When Virginia Coach Mike London watched the film Sunday of the Cavaliers’ 56-20 throttling at the hands of Georgia Tech, it looked no better than what he saw from the sidelines in Atlanta the day before.
The Yellow Jackets executed their flexbone offense “extremely well” and Virginia’s defense responded by playing “cautious,” London said. He once again singled out his sophomore safeties — Anthony Harris and Brandon Phelps — for their hesitancy and inability to shed blockers, although he was quick to point out “the people surrounding them didn’t play well.”
The offense wasn’t much better, partly because of an interior offensive line that needs “help,” London admitted Sunday night. But with Saturday’s game at No. 17 TCU next, the highest priority is simply to move on.
“The biggest thing is that was just game three for us, and this team is still 2-1,” he said. “You have to have a short memory.”
Unfortunately for Virginia’s defense, forgetting about Georgia Tech means thinking about TCU. The Horned Frogs are averaging more than 500 yards of total offense after beating Kansas, 20-6, Saturday in its first conference game as a member of the Big 12.
TCU’s offense that features a plethora of weapons. Quarterback Casey Pachall threw for 335 yards and two touchdowns against Kansas, completing 24 of his 30 passes. He had 25 touchdowns and just seven interceptions when he took over from Andy Dalton a year ago.
Pachall may also have a star in the making outside with sophomore wide receiver Brandon Carter, who exploded for eight catches, 141 yards and two touchdowns against the Jayhawks. Running backs Waymon James and Matthew Tucker, meantime, were both named to the Doak Walker Award watch list, given annually to the nation’s best tailback.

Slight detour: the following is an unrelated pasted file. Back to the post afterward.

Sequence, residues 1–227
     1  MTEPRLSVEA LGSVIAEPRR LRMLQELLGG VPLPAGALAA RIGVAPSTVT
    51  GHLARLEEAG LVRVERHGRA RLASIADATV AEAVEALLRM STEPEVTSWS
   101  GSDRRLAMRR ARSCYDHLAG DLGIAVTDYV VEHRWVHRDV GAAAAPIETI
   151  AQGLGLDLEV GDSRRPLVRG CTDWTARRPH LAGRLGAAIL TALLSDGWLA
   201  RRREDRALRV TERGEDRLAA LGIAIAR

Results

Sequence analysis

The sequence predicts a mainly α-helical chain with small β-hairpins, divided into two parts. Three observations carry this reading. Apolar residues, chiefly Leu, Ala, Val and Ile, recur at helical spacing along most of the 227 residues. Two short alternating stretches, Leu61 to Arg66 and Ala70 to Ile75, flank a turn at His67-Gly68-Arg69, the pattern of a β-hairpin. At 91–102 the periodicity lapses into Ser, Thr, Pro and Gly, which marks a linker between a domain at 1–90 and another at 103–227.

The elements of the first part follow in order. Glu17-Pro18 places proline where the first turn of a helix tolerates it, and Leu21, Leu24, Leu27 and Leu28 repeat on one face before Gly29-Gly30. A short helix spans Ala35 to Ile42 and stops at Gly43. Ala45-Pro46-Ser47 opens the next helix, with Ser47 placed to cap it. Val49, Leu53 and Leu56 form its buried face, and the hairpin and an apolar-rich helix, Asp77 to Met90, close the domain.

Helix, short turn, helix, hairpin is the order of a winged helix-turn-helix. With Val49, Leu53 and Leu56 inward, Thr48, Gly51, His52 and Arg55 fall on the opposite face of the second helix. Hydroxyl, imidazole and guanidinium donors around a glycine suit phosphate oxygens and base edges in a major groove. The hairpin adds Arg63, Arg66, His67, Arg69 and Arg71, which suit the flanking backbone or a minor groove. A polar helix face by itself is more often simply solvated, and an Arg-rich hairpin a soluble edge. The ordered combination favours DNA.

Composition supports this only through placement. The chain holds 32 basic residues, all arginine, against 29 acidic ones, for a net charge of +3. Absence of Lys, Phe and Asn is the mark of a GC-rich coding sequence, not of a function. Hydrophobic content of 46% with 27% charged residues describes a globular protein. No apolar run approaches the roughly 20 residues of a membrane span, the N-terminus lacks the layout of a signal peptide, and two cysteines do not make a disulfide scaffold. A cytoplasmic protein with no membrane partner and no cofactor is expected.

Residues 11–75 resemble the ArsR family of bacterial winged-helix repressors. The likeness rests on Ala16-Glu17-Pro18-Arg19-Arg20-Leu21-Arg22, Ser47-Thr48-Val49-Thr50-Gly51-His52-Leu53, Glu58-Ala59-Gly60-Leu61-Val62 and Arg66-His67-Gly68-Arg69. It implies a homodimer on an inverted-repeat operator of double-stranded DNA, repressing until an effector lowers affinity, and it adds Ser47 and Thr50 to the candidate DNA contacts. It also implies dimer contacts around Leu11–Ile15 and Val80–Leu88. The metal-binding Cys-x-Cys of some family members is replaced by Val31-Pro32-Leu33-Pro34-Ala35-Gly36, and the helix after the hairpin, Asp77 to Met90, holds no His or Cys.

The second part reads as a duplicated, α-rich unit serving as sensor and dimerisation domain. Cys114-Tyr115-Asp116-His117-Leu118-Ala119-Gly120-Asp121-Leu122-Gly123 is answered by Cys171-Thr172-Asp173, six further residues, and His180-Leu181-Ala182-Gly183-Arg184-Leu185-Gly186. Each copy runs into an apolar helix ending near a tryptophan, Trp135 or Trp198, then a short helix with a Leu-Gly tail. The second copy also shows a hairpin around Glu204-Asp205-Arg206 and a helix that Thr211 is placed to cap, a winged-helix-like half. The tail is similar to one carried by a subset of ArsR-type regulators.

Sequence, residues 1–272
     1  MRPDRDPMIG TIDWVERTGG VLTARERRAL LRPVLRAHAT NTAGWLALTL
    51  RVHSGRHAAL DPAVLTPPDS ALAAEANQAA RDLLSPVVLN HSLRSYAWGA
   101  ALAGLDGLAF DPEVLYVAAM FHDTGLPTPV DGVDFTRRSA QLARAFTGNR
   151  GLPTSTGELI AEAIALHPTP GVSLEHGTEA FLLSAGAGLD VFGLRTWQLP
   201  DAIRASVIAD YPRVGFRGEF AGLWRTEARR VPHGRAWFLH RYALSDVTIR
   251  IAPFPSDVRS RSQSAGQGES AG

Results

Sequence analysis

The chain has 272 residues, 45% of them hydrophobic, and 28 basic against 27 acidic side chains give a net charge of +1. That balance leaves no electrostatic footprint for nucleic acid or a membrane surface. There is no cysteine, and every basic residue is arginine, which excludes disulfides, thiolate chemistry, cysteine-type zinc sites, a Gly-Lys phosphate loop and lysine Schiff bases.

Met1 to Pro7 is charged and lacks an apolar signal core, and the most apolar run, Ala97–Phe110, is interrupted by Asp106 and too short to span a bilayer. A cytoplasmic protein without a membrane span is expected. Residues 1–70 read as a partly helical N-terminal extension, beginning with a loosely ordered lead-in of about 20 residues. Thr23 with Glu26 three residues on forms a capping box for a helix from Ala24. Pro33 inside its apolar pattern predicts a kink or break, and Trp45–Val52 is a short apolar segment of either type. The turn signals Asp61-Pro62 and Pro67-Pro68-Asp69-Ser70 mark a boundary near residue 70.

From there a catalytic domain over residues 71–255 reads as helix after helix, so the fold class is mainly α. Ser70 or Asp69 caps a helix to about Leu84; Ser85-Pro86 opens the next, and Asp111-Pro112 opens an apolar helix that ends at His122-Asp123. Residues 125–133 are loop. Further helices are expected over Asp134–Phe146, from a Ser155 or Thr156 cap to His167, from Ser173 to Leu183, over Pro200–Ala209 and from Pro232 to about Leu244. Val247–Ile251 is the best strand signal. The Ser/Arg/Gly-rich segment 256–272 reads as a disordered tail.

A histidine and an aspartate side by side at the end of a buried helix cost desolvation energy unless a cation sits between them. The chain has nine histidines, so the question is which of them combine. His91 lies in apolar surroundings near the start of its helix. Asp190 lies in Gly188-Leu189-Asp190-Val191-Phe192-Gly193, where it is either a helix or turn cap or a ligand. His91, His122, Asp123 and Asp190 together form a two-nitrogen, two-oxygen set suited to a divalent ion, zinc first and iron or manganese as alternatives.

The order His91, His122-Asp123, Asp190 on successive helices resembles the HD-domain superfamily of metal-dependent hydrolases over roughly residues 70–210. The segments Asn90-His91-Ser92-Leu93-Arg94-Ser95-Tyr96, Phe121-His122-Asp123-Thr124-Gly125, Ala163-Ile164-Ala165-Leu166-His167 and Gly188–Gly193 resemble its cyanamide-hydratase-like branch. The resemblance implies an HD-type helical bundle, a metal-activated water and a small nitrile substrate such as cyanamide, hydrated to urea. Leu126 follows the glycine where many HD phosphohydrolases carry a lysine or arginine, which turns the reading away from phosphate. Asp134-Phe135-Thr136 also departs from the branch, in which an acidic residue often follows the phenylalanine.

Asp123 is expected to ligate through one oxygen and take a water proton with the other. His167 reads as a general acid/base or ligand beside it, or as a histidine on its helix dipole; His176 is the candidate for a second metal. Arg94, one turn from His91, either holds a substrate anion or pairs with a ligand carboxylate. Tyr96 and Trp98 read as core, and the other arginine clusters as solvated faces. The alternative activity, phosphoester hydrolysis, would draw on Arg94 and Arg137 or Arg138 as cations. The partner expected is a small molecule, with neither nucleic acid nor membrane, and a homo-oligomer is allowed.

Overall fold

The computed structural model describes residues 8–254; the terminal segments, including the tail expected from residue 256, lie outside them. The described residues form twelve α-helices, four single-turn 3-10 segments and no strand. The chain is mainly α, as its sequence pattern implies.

Lest we forget, TCU Coach Gary Patterson’s defense has also finished ranked in the top 10 nationally in scoring defense four of the past five years and has yet to give up a touchdown in two games this year. Under Patterson, the Horned Frogs are 49-5 since 2008 and have a national-best 10-game winning streak.
The Horned Frogs did fumble four times Saturday, which is the main reason they mustered just two touchdowns against the Jayhawks
“They present a whole host of other challenges,” London said. “We don’t try to dwell on the negative things that happened. We have to dwell on the positive things, the possibilities and how these guys can play. That’s what we’re doing. This game is behind us, and the only thing we can do now is look forward.”
Other notes and quotes
>> London said Virginia will consider pursuing a medical redshirt for running back Clifton Richardson this week after the sophomore re-aggravated his hamstring injury and was unable to complete Saturday’s game at Georgia Tech. Richardson is eligible for a medical redshirt because he missed the first two games of the season and therefore hasn’t participated in more than 30 percent of Virginia’s schedule.
The 210-pound Richardson rushed for 366 yards a year ago, and brought a powerful, downhill style to the field that proved to be a nice change of pace from Perry Jones and Kevin Parks. London said no decision has been made yet and that there are “several options on the table.”
“I’d rather have him 100 percent going into these games, particularly after these next two games, than something re-occurring, re-occurring,” London added. “So we’ll decide here soon about what our course is gonna be with him.”
>> After Saturday’s game, Georgia Tech quarterback Tevin Washington accused Virginia players of trying to take advantage of a new rule in college football by purposely ripping off his helmet during goal-line situations. When a player loses his helmet, he must go to the sideline for at least one play, a rule that was instituted this season by the NCAA.
But London was adamant there was no truth to Washington’s claim.
“I don’t believe that,” he said. “There’s a lot of stuff that goes on there when you’re trying to gang tackle. Helmets come off all the time and there’s no one that’s trying to intentionally rip a guy’s helmet off to get him out of the game . . . During the game, during practice, we don’t advocate that. We don’t teach that. We didn’t even think about doing anything close to that.”